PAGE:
In Missouri, former death row inmate Reginald Griffin went free in October 2013 after a small-town prosecutor declined to refile murder charges in connection with a 1983 prison stabbing for which Griffin spent nearly three decades behind bars. Griffin denied his involvement but was convicted after two inmates claimed to have seen him stab the prisoner. One of those inmates later recanted, saying he had not seen the attack. An appellate attorney also discovered that prosecutors had withheld a report that guards had confiscated a sharpened screwdriver from another inmate as he was attempting to leave the area where the attack took place.

Ryan Ferguson, convicted in 2005 in the beating death of a Columbia (Mo.) Daily Tribune sports editor, was freed in November 2013 after a state appeals court panel ruled prosecutors had withheld evidence from his attorneys and that he didn’t get a fair trial. The state attorney general’s office decided not to retry Ferguson, who had received a 25-year prison sentence.

Like their counterparts across the country, Missouri prosecutors are reviewing not just questionable individual convictions but also the broader issues that lead to exonerations, from coerced confessions to contaminated crime labs.

“It’s the duty of police and prosecutors to protect everyone in the community, including victims and defendants,” said Boone County Prosecutor Dan Knight. “We want the process to be as fair and transparent as possible.”

EXONERATIONS  IN 2013 PDF REPORT

Pampa : DNA hearing set in case of Texas death row inmate – Hank Skinner


february 3, 2014 (AP)

PAMPA, TX — A hearing is set regarding recent DNA testing in the case of a Texas death row inmate convicted of a triple slaying in the Panhandle.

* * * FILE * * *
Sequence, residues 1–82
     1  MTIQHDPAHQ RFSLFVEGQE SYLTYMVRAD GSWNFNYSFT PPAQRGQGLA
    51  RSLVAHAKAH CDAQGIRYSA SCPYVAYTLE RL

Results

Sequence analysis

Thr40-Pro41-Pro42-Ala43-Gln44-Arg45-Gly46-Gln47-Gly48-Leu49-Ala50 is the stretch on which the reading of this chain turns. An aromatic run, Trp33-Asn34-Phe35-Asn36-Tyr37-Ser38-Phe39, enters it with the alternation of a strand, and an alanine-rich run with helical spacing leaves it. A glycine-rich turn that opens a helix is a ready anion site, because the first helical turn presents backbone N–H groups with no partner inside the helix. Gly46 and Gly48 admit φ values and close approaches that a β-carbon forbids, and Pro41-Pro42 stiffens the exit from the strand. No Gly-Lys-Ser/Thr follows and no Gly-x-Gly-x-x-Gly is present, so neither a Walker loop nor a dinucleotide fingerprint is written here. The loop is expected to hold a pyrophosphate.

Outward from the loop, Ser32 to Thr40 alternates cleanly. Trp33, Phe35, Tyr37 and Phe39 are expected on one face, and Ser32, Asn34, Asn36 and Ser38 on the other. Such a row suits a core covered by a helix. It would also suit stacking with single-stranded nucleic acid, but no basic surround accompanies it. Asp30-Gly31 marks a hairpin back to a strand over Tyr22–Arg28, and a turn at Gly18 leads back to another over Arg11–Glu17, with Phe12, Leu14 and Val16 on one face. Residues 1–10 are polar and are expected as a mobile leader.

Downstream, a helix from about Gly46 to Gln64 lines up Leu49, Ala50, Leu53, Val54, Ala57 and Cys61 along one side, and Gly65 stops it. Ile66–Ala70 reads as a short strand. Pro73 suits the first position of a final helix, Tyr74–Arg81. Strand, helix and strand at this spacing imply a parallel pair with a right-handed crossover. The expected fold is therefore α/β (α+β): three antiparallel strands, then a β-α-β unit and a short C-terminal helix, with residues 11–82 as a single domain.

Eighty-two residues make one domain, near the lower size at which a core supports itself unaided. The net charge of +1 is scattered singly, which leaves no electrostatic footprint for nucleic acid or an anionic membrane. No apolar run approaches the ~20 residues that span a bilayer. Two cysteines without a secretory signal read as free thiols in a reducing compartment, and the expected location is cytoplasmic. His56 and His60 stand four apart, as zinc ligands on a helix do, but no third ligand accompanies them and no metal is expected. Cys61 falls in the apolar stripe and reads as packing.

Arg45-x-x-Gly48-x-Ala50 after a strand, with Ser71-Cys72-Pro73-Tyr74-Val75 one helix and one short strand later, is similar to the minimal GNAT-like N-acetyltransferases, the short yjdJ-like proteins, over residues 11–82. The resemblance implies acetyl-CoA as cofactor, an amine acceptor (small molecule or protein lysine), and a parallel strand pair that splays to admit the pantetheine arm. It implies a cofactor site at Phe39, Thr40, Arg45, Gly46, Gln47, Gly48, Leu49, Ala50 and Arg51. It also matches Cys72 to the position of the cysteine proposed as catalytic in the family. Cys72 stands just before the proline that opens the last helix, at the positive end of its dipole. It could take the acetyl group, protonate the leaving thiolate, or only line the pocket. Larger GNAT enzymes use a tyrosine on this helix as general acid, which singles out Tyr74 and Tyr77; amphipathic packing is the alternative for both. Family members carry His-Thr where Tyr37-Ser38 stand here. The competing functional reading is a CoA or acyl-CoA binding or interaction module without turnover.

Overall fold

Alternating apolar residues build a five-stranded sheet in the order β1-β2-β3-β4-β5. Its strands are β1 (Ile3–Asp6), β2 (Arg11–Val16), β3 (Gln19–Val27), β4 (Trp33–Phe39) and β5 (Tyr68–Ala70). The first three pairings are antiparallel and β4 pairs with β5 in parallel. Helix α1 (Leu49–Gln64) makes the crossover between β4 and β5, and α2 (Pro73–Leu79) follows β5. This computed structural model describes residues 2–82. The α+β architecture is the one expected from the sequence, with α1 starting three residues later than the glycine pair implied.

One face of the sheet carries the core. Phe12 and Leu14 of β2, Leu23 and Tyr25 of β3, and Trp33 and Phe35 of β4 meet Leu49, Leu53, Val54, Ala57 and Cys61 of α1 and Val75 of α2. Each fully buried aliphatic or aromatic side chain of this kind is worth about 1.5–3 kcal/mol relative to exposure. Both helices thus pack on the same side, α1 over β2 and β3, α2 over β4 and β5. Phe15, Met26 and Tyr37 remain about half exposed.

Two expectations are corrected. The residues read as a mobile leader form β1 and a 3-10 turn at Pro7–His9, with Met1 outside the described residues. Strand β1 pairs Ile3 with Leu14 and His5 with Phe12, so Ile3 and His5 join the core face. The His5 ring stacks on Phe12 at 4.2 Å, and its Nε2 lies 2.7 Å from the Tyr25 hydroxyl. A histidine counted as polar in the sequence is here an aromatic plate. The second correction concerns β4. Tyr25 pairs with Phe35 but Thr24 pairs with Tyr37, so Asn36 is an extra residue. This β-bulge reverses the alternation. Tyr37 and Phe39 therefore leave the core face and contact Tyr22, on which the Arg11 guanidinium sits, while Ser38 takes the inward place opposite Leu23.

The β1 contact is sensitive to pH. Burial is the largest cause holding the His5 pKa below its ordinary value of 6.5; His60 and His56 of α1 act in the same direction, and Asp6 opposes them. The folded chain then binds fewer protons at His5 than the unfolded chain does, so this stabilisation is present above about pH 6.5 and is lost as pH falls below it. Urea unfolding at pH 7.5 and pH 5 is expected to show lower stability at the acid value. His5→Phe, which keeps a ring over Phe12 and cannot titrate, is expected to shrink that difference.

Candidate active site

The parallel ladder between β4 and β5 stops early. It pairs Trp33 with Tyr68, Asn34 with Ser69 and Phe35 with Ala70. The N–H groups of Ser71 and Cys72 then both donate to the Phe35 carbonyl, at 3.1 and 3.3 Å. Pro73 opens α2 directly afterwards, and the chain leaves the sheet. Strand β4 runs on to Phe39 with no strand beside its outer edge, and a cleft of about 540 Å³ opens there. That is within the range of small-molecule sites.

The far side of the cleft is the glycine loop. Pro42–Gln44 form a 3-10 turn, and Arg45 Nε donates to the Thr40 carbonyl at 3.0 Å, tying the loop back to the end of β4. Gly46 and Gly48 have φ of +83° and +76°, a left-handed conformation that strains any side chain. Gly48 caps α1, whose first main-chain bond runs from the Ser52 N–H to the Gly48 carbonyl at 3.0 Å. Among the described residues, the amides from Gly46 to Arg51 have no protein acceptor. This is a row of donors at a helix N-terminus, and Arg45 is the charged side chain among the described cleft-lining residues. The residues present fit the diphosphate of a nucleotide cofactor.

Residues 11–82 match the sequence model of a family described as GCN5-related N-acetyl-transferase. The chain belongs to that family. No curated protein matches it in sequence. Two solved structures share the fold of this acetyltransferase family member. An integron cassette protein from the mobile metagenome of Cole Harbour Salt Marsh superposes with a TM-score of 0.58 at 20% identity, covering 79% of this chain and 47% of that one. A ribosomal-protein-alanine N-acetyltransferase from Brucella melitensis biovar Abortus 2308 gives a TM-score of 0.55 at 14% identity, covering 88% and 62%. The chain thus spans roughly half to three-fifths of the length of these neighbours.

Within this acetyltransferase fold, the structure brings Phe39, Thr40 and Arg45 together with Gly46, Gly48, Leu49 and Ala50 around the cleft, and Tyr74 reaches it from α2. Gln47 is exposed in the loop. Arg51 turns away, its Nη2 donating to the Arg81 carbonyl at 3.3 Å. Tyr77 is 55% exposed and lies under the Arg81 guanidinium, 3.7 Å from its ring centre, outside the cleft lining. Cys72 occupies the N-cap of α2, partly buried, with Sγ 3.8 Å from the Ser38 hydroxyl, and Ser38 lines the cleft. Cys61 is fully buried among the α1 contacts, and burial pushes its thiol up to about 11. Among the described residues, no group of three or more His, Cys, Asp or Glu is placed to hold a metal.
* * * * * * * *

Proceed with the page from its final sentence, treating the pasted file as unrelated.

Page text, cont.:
Attorneys for the state and Hank Skinner’s attorneys will present testimony during the two-day hearing set to begin Monday in Pampa.

Skinner’s attorneys hope to show he didn’t kill a woman and her two sons in 1993. The 52-year-old was convicted of capital murder in 1995.

Court documents filed by the state say results of DNA testing done at a law enforcement lab “further confirm” Skinner’s guilt. Skinner’s attorneys say more sophisticated test results from an independent lab make doubts about his guilt “too weighty” to allow his execution.

Each side will submit written arguments after the hearing. The judge will later release his findings.

Defense lawyers: Skinner won’t appear in Pampa


31.01.2014

Hank Skinner, the Texas death-row inmate convicted of murdering his live-in girlfriend, Twila Busby, and her sons, Randy and Elwin “Scooter” Caler, will not be attending an evidentiary hearing scheduled in Pampa Monday and Tuesday.

An employee who works for Skinner’s defense attorneys, Douglas Robinson and Robert Owen, told The Pampa News that both the state and defense attorneys will offer witnesses and other evidence, such as laboratory reports, to show what results were produced by the DNA testing that has been performed in Skinner’s case over the past 18 months. The attorneys will try to argue about what inferences can be drawn from those test results, she said.

A series of tests on DNA taken from the crime scene have been performed since June 2012, two by a Texas Department of Safety crime lab in Lubbock and one by an independent laboratory in Virginia.